Synopses & Reviews
SISTER MADONNA BUDER is 80 years old, has run more than 340 triathlons, and doesnand#8217;t know what all the fuss is about. In andlt;Iandgt;The Grace to Race, andlt;/Iandgt;she shares the no-nonsense spirit and deep faith that inspired her extraordinary journey from a prominent St. Louis family to a Catholic Convent and finally to championship finish lines all over the world. andlt;BRandgt;andlt;BRandgt;As a beautiful young woman, she became an elegant equestrian and accomplished amateur actress. But as she describes in this intimate memoir, she had a secret plan as early as 14: she wanted to devote her life to God. After being courted by the most eligible bachelors in her hometown, she chose a different path and became a Sister of the Good Shepherd. andlt;BRandgt;andlt;BRandgt;She lived a mostly cloistered life as a Nun until her late forties, when a Priest suggested she take a run on the beach. She dug up a pair of shorts in a pile of donated clothes, found a pair of second-hand tennis shoes, and had a second epiphany. This time, she discovered the spiritual joy of pushing her body to the limit and of seeing Godand#8217;s natural world in all its splendor. andlt;BRandgt;andlt;BRandgt;More than thirty years later, she is known as the Iron Nun for all the triathlons she has won. Just five years ago, the age 75and#8211;79 category was created for her at the Hawaiian Ironman in Kona, where she completed a 2.4-mile swim, a 112-mile bike ride, and a full 26.2-mile marathon in record time. Now she has set her sights on a new goal: inaugurating another new Ironman age group, 80and#8211;84, in 2010. andlt;BRandgt;andlt;BRandgt;Sister Madonna holds dozens of records, has broken dozens of bones, and tells of dozens of miracles and angels that propelled her to a far-flung race. "It is my faith that has carried me through lifeand#8217;s ups and downs," she writes. "Whenever injured, I wait for the Lord to pick me up again and set me on my feet, confidently reminding Him, and#8216;God, you know, my intent is to keep running toward you.and#8217;" andlt;BRandgt;andlt;Iandgt;andlt;BRandgt;The Grace to Race andlt;/Iandgt;is the courageous story of a woman who broke with convention, followed her heart, and found her higher mission.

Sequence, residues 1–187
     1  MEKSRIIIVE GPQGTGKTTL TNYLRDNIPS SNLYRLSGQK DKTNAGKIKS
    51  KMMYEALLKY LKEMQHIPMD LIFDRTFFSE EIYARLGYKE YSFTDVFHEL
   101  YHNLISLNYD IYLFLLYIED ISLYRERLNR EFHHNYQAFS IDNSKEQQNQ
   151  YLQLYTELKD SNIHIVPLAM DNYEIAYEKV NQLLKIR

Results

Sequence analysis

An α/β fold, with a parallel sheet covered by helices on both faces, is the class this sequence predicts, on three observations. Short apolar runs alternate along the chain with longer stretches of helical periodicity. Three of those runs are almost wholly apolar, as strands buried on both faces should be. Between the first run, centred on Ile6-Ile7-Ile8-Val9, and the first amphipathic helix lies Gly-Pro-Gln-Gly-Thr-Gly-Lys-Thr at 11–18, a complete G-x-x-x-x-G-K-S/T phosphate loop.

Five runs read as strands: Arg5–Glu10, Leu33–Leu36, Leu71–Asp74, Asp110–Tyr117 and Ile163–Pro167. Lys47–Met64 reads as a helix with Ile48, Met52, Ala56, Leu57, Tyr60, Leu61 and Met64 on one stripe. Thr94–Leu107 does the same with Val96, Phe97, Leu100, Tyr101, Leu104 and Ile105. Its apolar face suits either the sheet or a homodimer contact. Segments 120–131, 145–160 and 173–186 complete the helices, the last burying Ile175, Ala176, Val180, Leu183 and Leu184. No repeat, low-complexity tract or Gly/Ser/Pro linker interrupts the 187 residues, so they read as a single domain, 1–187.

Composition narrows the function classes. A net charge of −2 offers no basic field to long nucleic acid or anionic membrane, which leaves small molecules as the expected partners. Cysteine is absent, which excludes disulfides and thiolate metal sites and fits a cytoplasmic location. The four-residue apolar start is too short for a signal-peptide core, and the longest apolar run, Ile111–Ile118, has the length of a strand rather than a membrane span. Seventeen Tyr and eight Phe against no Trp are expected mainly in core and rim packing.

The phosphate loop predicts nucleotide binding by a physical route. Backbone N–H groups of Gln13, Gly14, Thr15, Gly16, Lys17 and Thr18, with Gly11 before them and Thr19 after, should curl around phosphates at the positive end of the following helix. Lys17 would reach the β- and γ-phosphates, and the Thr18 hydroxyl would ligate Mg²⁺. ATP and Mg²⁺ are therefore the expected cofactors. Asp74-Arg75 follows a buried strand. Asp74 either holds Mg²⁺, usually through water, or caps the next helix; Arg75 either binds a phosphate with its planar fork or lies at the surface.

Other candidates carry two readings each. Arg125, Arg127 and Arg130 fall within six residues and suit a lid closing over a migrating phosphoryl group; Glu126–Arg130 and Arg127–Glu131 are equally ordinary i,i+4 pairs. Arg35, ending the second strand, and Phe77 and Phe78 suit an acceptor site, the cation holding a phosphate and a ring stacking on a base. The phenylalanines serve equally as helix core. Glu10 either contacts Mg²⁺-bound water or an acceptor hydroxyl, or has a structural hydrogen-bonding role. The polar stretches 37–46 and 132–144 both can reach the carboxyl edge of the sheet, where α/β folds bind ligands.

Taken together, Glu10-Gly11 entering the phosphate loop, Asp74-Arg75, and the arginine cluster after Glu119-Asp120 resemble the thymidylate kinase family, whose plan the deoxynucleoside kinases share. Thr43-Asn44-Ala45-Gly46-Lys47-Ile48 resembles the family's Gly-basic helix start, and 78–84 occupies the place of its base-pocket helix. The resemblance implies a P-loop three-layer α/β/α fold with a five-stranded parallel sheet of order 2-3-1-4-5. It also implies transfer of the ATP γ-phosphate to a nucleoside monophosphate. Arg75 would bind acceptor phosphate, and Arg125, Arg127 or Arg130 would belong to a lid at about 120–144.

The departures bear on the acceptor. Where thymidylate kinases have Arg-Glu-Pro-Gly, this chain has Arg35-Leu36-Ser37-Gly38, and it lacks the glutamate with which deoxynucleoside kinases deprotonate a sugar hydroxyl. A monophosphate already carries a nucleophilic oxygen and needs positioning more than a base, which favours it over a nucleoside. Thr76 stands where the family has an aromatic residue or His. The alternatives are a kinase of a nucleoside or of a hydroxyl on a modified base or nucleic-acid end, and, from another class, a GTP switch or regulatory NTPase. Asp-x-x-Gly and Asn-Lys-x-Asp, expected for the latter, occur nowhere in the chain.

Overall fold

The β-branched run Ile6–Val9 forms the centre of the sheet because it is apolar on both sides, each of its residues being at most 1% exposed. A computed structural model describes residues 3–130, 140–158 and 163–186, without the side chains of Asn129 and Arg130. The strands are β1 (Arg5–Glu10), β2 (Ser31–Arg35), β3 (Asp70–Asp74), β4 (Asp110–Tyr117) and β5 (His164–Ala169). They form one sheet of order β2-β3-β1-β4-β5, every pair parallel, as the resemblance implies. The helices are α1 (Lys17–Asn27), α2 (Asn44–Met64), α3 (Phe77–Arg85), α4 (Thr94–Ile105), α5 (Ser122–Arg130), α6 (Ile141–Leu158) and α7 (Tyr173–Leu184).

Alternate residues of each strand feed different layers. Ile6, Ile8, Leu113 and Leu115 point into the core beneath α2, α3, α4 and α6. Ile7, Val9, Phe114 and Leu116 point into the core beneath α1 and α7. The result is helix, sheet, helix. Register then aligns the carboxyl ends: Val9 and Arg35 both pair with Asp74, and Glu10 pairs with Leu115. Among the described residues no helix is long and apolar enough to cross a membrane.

The inspiring first-hand account of "the Iron Nun," a champion triathlete still competing at age 80, and of the harmony between body, mind, and soul.
About the Author
andlt;Bandgt;SISTER MADONNA BUDER, andlt;/Bandgt;also known as "theandnbsp;Iron Nun,"andnbsp; "the Flying Nun," and "the Mother Superior of Triathlon," is a Roman Catholic nun. She began running in 1978 at age 48. As of 2009, has completed 38 marathons and 325 triathlons. An inspiration to athletes and non-athletes, the religious and the secular, she has appeared in such publications as andlt;iandgt;Runnerand#8217;s Worldandlt;/iandgt;, andlt;iandgt;U.S. News andamp; World Report, Sports Illustrated, AARP Bulletin, USA Today, the Seattle Times, the Denver Post, Competitor Magazine, Triathlete Magazine, Ironman Magazine, More Magazine,andlt;/iandgt; and numerous others andnbsp;She lives in Washington Sate.andlt;Bandgt;KARIN EVANSandnbsp;andlt;/Bandgt;has been a writer and editor at many major national publications, including andlt;iandgt;Newsweekandlt;/iandgt;, andlt;iandgt;Outside, andlt;/iandgt;and andlt;iandgt;Health. andlt;/iandgt;Her writing has also appeared in such places as andlt;iandgt;More Magazineandlt;/iandgt;, the andlt;iandgt;Los Angeles Timesandlt;/iandgt; and the andlt;iandgt;New York Times. andlt;/iandgt;Her book, andlt;iandgt;The Lost Daughters of China andlt;/iandgt;(Tarcher, Penguin/Putnam, 2000) was a national bestseller. With Amy Tan, she co-authored the text for andlt;iandgt;Mei-Mei: Portraits from a Chinese Orphanageandlt;/iandgt; (Photographs by Richard Bowen, Chronicle Books, 2005).